What About These 8 Months?

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Anti-government protesters continue to rally against the incumbent administration.

The Guardian’s foreign affairs columnist Simon Tisdall explains.

After a week in the headlights, the regime is showing signs of regaining its nerve and assembling a strategy to overcome its perilous predicament. Whether it can work is another matter.

The survival plan centres on Omar Suleiman, who is head of intelligence, Mubarak’s close confidant, and the newly installed vice-president. Right now Suleiman is the most powerful man in Egypt, backed by the military (from which he hails), the security apparatus, and a frightened ruling elite hoping to salvage something from the wreckage.

Suleiman is, in effect, heading a junta of former or acting military officers. Mubarak has been reduced to a figurehead, sheltering behind this clique. But they will not humiliate him. There will be no ignominious flight to Saudi Arabia, like that of Tunisia’s deposed president, Zine al-Abidine Ben Ali.

Mubarak’s fate aside, the regime may also be hoping that recent lawlessness and looting will convince people, particularly Cairo’s middle-class, that revolution is too risky and that the protesters have made their point. Likewise, rising food and fuel prices, shortages, lost earnings, closed businesses, falling exports and reduced tourism caused by the unrest will have a growing impact on working people if they persist with street action.

Concessions have been made, and the internet is back up, coincidentally just in time for the pro-Mubarak rallies. A few thousand brought in on buses, huge banners depicting the President’s face on the back of tanks, and numbers of the opposition starting to decrease, and it seems that Egypt just might move on from what has happened the past week. How difficult it will be, how unimaginable it is.

It was always clear that Mubarak wasn’t going to pick up and leave like Zine el dine Ben Ali in Tunisia. Mubarak is too proud, and whether you believe it or not, he loves his country too much. Mubarak’s speech yesterday was dignified and even defiant, as the President claimed he would die on Egyptian soil and that history would judge him.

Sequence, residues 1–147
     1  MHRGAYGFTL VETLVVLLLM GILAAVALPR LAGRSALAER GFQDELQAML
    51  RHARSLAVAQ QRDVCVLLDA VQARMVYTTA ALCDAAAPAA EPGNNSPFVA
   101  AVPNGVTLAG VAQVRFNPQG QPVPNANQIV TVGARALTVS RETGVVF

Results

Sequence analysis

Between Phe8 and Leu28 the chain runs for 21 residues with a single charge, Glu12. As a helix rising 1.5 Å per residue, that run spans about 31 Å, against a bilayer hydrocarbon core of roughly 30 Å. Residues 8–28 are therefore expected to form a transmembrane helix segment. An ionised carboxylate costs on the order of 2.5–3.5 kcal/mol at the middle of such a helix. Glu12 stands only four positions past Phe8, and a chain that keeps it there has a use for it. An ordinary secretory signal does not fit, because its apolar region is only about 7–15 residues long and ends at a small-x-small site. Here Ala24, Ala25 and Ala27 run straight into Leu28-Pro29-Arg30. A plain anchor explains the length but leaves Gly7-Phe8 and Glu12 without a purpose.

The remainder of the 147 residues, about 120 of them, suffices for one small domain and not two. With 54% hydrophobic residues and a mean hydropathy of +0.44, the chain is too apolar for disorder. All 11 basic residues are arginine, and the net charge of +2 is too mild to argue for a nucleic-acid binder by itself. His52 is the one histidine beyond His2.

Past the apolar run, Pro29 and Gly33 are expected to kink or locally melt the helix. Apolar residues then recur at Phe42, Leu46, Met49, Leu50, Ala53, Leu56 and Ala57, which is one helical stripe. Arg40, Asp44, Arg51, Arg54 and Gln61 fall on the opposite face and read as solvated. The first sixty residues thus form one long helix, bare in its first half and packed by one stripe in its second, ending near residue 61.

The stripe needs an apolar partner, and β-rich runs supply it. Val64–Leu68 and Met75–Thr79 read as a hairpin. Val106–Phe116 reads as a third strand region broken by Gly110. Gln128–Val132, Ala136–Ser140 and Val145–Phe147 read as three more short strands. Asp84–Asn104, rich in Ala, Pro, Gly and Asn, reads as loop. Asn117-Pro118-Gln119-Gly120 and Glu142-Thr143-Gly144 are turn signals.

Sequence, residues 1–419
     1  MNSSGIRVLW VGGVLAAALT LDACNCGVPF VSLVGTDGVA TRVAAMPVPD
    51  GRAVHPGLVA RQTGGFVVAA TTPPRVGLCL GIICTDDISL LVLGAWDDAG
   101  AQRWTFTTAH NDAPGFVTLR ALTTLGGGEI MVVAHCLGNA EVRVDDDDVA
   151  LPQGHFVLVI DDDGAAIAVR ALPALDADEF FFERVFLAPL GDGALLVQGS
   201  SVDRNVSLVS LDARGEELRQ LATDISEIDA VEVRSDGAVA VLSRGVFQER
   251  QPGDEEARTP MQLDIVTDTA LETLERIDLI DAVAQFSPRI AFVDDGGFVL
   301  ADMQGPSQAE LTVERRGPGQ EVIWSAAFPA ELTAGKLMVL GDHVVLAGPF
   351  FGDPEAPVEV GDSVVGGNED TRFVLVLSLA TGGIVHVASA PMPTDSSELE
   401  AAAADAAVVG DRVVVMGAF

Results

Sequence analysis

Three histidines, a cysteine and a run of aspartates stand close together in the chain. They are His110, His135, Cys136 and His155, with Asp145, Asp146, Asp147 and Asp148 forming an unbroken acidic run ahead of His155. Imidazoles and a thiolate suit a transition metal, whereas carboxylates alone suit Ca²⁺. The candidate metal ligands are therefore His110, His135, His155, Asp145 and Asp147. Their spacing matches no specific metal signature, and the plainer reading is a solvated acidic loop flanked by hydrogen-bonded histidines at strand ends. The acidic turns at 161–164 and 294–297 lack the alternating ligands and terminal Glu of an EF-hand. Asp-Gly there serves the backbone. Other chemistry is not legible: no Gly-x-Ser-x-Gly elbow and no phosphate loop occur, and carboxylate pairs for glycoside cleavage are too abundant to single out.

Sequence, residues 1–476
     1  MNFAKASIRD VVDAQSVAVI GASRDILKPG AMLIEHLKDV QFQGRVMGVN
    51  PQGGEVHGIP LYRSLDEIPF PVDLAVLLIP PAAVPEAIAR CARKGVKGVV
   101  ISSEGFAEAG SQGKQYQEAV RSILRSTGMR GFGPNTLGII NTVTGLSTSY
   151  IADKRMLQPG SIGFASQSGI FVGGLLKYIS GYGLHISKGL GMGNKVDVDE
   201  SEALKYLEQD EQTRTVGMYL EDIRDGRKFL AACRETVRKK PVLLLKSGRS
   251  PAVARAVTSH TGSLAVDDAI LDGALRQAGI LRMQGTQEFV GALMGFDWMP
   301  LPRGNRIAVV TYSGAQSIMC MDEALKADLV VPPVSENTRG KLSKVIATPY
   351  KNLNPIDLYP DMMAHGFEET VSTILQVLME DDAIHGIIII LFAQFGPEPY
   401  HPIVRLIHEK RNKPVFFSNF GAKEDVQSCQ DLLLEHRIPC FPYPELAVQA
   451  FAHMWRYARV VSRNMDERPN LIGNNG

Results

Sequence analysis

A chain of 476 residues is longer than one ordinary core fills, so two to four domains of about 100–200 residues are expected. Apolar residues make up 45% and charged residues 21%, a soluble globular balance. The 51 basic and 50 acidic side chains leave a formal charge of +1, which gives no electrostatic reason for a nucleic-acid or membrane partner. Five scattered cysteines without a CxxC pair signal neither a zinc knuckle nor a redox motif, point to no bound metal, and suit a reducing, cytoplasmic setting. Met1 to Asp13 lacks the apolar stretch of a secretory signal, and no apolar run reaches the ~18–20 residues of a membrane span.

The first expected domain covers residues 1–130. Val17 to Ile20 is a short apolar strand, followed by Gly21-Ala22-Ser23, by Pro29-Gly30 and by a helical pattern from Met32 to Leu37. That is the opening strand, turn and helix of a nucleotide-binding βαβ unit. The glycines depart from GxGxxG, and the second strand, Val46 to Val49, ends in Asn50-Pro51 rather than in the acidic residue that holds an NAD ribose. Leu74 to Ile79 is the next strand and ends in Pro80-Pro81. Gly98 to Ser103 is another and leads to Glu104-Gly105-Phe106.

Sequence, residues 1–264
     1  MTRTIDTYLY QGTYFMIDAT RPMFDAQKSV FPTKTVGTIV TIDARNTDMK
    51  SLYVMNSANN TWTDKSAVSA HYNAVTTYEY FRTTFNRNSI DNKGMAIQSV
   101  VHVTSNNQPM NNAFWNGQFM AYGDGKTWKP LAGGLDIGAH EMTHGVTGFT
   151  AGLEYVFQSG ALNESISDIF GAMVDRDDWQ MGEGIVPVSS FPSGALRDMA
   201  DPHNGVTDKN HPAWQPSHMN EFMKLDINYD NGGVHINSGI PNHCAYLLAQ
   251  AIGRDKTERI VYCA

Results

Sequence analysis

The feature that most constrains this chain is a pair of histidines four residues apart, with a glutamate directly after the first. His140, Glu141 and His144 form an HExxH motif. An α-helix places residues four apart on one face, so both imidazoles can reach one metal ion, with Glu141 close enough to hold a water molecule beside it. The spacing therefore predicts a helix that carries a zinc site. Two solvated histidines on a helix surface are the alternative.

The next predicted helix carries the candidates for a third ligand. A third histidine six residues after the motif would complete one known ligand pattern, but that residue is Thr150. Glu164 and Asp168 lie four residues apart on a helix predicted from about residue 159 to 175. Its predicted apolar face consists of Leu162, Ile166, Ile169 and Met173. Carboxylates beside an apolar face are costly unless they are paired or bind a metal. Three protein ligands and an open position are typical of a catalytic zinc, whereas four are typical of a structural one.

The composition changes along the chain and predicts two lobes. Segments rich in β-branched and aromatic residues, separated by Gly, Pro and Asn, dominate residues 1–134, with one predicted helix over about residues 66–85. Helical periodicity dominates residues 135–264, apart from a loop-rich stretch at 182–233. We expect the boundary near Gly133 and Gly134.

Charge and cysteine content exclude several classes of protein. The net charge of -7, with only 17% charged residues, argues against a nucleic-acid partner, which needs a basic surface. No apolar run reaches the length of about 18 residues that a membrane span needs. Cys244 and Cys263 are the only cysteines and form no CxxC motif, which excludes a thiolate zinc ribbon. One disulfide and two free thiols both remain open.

Due to the emotion of the past few days, some have forgotten that the President has done great things for his country that should not go unnoticed. Tony Blair, the former British PM spoke yesterday about the sensitivity of the situation:

“Where you stand on him depends on whether you’ve worked with him from the outside or on the inside. I’ve worked with him on the Middle East peace process between the Israelis and the Palestinians so this is somebody I’m constantly in contact with and working with and on that issue, I have to say, he’s been immensely courageous and a force for good,”

“It’s perfectly natural for those from the outside to want to support this movement for change at the same time as saying let’s be careful about this and make sure that what happens in this process of change is something that ends in free and fair elections and a democratic system of government and it doesn’t get taken over or channelled in to a different direction that is at odds with what the people of Egypt want,”

“I don’t think there’s a majority for the Muslim Brotherhood in Egypt. On the other hand, what you’ve got to watch is that they are extremely well-organised and well-funded whereas those people who are out on the street at the moment, many of them will be extremely well-intentioned people but they’re not organised in political parties yet. So one of the issues in the transition is to give time for those political parties to get themselves properly organised.”

The message is clear: change must come, but it is better for it to come in September and to ensure that there is no undesirable void left behind.

But what about these 8 months? If we truly will have free and fair elections, then we must be able to have the freedom of speech, freedom of expression, and freedom of assembly in the run up to them. How else could candidates come forward? How else could opposition parties states their agenda?

What about political prisoners who remain behind bars? Will they be released? What about the families of protesters who have been arrested, will they be released? Will torture continue? Will the police still wield the enormous amount of power they have? Will human rights be adhered to? Fundamental freedoms respected?

Will jobs be created? Will food prices go down? Will the poor be aided in this time?

So many questions that have been unanswered. So many questions that are likely to remain unanswered. You can see why the people still stand in Midan el Tahrir, and why the protests continue around the world. Obama mentioned that ‘change must begin now’. Now isn’t in eight months time.

And in the meantime, we remain with Omar Suleiman & Co. Not much is known about them, and not much is known about their agenda. What if they are here to stay?

The irony in picking up and going back to ‘normal’ for these next 8 months is overwhelming. Why, when change is so close, when we are on the cusp of something so new, should we drag our heels? Why hesitate? The whole world remains on our side. We could accept the orderly transition in September. But we have demands that must be met in the meantime.

A man pumps his fist while demonstrating at Midan el Tahrir, with smoke from the burning NDP HQ in the background.


Written by BraveNewEgypt

February 2, 2011 at 11:54 am

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